“Given that vitamin D deficiency is especially widespread among the elderly, we investigated how during aging from middle-age to old-age how low vitamin D affected the oxidative status of the brain,” said lead author on the paper Allan Butterfield, professor in the UK Department of Chemistry, director of the Center of Membrane Sciences, faculty of Sanders-Brown Center on Aging, and director of the Free Radical Biology in Cancer Core of the Markey Cancer Center. “Adequate vitamin D serum levels are necessary to prevent free radical damage in brain and subsequent deleterious consequences.”

Full story of vitamin D and brain damage at Science Daily

Beedie Savage – President of Quantum Units Education

Scientists Find Brain Region That Helps You Make Up Your Mind

One of the smallest parts of the brain is getting a second look after new research suggests it plays a crucial role in decision making.

A University of British Columbia study published in Nature Neuroscience says the lateral habenula, a region of the brain linked to depression and avoidance behaviors, has been largely misunderstood and may be integral in cost-benefit decisions.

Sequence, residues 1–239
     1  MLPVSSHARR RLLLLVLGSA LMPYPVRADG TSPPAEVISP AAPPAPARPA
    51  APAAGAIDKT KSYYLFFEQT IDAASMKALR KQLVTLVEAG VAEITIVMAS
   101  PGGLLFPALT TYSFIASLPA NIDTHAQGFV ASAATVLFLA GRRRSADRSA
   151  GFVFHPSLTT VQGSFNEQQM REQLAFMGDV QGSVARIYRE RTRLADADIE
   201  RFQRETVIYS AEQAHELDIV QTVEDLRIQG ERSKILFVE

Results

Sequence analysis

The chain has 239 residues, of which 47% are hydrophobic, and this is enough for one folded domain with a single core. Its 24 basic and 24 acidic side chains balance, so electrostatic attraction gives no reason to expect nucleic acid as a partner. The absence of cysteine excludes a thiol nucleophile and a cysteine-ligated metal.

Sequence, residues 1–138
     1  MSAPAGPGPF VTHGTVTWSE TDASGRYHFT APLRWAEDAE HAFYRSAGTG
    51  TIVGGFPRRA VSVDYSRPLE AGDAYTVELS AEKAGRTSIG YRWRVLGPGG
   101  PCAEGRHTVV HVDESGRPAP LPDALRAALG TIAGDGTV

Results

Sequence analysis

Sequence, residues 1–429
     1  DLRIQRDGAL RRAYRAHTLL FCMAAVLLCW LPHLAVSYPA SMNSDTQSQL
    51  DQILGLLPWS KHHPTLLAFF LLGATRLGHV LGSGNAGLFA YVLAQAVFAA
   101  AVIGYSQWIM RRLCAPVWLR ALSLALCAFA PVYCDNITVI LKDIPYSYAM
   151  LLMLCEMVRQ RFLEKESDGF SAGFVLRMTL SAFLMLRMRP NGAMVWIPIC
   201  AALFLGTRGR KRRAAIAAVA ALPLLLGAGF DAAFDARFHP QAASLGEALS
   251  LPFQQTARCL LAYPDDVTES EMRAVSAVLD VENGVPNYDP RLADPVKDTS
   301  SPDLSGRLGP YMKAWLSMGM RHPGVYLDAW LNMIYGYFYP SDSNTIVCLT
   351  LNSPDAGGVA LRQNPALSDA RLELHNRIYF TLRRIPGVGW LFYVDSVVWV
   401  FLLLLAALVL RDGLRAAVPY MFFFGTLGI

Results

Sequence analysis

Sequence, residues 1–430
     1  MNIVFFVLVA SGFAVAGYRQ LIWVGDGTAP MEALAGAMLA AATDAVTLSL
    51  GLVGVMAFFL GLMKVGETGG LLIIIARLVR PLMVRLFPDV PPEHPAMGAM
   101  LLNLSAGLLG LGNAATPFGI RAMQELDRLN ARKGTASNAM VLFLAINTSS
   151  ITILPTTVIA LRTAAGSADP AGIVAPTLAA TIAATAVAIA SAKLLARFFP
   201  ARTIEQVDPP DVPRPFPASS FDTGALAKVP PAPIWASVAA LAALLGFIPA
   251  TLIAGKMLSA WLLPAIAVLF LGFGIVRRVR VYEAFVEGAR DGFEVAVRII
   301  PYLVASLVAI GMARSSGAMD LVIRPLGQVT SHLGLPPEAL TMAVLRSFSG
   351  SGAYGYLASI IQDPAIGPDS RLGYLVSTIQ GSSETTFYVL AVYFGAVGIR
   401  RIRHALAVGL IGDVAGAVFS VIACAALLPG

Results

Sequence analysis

“These findings clarify the brain processes involved in the important decisions that we make on a daily basis, from choosing between job offers to deciding which house or car to buy,” says Prof. Stan Floresco of UBC’s Dept. of Psychology and Brain Research Centre (BRC). “It also suggests that the scientific community has misunderstood the true functioning of this mysterious, but important, region of the brain.”

In the study, scientists trained lab rats to choose between a consistent small reward (one food pellet) or a potentially larger reward (four food pellets) that appeared sporadically. Like humans, the rats tended to choose larger rewards when costs — in this case, the amount of time they had to wait before receiving food-were low and preferred smaller rewards when such risks were higher.

Full story of the brain and decisions at Science Daily

Beedie Savage – President of Quantum Units Education